Val Kilmer

On Boston, MacGruber and Good Will Hunting

UD - Val Kilmer Some people need no introduction. You are one of them. Val Kilmer is another. He's in town to discuss his upcoming film project on Mark Twain at the Mary Baker Eddy Library this Thursday night. We sat down with him to talk about new projects, Doc Holliday and what Iceman and Maverick would do with a few nights in Boston.

UD: Got a favorite area of Boston?
VK: I had a great friend who used to be a coach at Harvard and we'd use the indoor tennis courts at Harvard, so afterwards we'd always wander around Harvard Square for all those great restaurants and pubs there. I'm also a ribs guy, and there are some great spots here. When just walking around, I love the Fens. It's such an unusual park. 

UD: Boston is known to be protective of celebrities who profess a love for the city.
VK: I noticed that. I've always had a great time here. There's an attachment to the city not only because of its history, but the energy with the college scene here. And it's interesting as an actor, because there has been this craze of actors leaving the industry and coming here to go to Harvard. Although I think Matt Damon left Harvard to get into acting.

UD: Which led to Good Will Hunting, which Boston loves.
VK: It was an amazing film and he [and Affleck] did such a great job writing it. Probably Robin Williams's best performance he's ever done. Did he win for that?

UD: Yeah, he got an Oscar for his role.
VK: It was really great. And my friend Bill Monahan did an amazing job adapting the script from the original Chinese films that were behind The Departed. Really amazing. Although, you saw it, right? Did you think if you were one of the bad guys you may have suspected the "rat" was the new guy in the crew? It's like: there's a rat. And there's a new guy. And nobody just suggests it may be the new guy. I mean, how hard is it? Just in case there's a mole in your operation, it may be the new guy. But it was amazing.

UD: Indulge us: favorite characters? 
VK: Doc Holliday in Tombstone, I have a real affection for. Kurt Russell and the rest of the cast were a great gang. And Jim Morrison, not just for the whole world of the Doors, but at the time a lot of the film techniques that Oliver Stone was using were brand-new, and are very common now. He was experimenting with them, the quickness with the editing and some of the techniques he later perfected in Natural Born Killers.

UD: MacGruber. The film. Awesome. Let's hear about it.
VK: I play the bad guy, Dieter von Cunth, and it's very silly, totally ridiculous. It will probably always be the funniest read-through I've ever been to. Will Forte is pulverizing as this guy, shockingly funny with how he takes his delivery to the extreme. And Kristen Wiig is the opposite, so subtle. She'll never be imitated because her delivery is so original and strange and her timing is perfect. It's not like anybody. It's hard to say that. Will is a complete cliché, he imitates everyone, all day (laughs). You can print that.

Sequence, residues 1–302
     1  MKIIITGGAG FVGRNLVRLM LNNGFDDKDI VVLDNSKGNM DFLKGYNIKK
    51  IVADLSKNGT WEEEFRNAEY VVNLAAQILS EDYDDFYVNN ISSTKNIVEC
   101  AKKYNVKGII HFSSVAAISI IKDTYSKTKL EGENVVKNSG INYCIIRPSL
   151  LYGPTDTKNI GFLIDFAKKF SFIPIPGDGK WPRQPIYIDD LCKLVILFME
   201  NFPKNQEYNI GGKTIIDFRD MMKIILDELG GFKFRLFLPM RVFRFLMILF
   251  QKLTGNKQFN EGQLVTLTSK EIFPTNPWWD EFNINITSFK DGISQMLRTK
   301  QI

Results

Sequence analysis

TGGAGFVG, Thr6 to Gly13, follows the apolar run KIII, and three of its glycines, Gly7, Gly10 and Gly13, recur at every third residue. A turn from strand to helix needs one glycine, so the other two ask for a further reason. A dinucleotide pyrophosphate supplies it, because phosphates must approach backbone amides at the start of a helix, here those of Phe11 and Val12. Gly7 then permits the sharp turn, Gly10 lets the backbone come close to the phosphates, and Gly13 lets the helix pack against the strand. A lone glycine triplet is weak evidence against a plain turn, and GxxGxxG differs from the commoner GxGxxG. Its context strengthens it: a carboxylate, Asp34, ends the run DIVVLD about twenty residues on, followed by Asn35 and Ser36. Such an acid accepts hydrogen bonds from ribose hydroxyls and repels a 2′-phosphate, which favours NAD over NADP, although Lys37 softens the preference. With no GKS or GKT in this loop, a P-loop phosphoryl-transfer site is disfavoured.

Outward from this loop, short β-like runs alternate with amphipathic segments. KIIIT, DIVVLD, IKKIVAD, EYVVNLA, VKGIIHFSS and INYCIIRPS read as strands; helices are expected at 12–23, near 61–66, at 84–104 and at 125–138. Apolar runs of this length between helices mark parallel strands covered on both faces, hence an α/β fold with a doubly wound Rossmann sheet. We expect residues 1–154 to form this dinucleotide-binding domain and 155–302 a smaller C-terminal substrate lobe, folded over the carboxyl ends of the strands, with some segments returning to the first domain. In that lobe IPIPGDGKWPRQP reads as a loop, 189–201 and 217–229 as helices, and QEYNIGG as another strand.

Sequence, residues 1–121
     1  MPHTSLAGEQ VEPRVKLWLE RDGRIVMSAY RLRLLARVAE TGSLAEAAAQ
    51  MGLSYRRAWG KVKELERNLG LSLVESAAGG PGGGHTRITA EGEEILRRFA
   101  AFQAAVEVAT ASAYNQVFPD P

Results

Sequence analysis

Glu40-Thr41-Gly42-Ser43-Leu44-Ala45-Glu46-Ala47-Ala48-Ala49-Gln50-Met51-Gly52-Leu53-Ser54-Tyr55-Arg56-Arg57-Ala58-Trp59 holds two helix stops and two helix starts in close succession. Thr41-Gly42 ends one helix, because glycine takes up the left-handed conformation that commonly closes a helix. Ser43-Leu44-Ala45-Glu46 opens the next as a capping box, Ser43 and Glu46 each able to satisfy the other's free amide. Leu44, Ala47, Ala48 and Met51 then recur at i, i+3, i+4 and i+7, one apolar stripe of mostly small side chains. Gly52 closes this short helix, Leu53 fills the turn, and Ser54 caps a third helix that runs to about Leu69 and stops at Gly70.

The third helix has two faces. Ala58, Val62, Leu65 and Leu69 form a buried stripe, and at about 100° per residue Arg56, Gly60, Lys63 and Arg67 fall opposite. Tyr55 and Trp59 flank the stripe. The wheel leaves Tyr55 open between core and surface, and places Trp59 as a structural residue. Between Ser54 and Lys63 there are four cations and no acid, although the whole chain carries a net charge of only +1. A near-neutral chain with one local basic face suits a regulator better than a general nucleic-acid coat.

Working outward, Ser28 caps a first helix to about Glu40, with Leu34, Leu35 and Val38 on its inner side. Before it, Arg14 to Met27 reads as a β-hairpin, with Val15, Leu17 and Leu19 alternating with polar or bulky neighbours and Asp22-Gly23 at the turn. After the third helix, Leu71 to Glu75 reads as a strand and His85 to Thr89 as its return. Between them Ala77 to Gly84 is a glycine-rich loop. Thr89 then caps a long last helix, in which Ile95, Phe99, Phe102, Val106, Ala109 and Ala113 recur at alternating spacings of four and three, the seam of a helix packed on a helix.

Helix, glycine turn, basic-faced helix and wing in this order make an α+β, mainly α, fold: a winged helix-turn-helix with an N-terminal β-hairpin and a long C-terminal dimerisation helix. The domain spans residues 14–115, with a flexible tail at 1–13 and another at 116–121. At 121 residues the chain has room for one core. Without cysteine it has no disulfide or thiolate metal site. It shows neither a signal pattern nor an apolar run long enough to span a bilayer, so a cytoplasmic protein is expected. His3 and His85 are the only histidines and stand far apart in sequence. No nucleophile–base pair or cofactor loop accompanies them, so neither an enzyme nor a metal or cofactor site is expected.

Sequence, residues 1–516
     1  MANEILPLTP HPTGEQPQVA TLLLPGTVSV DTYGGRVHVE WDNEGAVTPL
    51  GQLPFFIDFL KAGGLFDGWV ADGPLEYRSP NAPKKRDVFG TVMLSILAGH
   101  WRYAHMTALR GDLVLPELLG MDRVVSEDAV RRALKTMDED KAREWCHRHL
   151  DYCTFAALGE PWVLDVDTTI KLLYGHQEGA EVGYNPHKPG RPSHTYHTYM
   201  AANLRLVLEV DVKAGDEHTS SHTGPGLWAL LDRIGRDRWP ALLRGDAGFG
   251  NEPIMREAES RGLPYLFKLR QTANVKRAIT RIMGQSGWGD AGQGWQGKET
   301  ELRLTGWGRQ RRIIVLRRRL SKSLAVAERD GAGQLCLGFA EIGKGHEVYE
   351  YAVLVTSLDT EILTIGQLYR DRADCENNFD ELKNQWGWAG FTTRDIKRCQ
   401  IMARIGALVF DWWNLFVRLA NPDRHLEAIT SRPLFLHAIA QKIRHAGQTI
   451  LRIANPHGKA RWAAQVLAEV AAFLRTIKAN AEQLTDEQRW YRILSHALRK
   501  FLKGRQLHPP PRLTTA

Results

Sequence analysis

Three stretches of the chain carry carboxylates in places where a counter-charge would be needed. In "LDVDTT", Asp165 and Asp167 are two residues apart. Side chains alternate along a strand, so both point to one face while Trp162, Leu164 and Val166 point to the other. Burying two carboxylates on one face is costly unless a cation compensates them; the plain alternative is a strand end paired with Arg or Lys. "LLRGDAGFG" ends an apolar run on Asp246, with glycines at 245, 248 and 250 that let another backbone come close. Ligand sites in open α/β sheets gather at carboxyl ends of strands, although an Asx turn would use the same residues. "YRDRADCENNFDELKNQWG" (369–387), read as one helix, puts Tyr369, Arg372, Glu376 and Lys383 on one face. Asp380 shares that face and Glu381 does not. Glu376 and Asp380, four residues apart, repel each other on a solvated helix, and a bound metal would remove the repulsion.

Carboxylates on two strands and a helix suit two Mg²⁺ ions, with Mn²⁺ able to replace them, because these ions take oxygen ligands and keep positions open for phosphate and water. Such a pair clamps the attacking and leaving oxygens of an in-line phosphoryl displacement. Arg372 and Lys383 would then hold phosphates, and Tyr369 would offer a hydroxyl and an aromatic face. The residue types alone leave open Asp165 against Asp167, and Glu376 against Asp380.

UD: Love your line of blankets. How did you get started with those?
VK: I thought it'd be fun to get Native Americans involved to make a contemporary version of those classic-style blankets, to mix classic symbolism and patterns of the West, where I live. I hope to have it become a successful little company and then turn it into a nonprofit. Like Paul Newman's Newman's Own. But I'll call mine the KilmerZone (laughs).

UD: You're going to be playing Mark Twain. Were you already a fan?
VK: Yeah, he was a genius. I had become interested in the relationship between him and Mary Baker Eddy almost 10 years ago when this library was built, and I had been on a parallel course, sort of researching Mark Twain and perusing a one-man show about him. If you come by on Thursday you'll be the first to get a taste of what's to come. It'll be the first time I'm performing Mark Twain in public.

UD: There was a point in your career where you could have exploded into leading-man status, but you went a more interesting route. Thoughts on being a Hollywood rebel?
VK: Well, I never lived there, so you can't be a rebel if you're not there rebelling. A lot of the silliness written about me back in those older times was really in reaction to how much I cared about the roles I was in. Most of the time, when you hear about an actor's career, you hear about an actor not coming to work, or lighting their trailer on fire, or flying off to Hawaii with their girlfriend, or drugs...but there's never been a story about me being irresponsible. I started doing smaller roles just because they were in New Mexico, or just in LA, or just available.

UD: Is that how your role on Entourage came about? It was pretty great.
VK: Yeah, that gets talked about a lot. I'm happy people liked it. It's also based on an actual person.

UD: Last question: it's 1986. Maverick and Iceman, now friends, have just set foot in Boston on leave with a three-day pass. Give us a rough agenda.
VK: That would be an impossible question for me to give an entertaining answer to. Something around Fenway Park maybe? They'd probably just play volleyball outside. They had that volleyball scene in Top Gun. Is there outdoor volleyball here like in LA?


Val Kilmer
Writer/Performer/Producer Talk
Feb 11, 7pm, MBE Library

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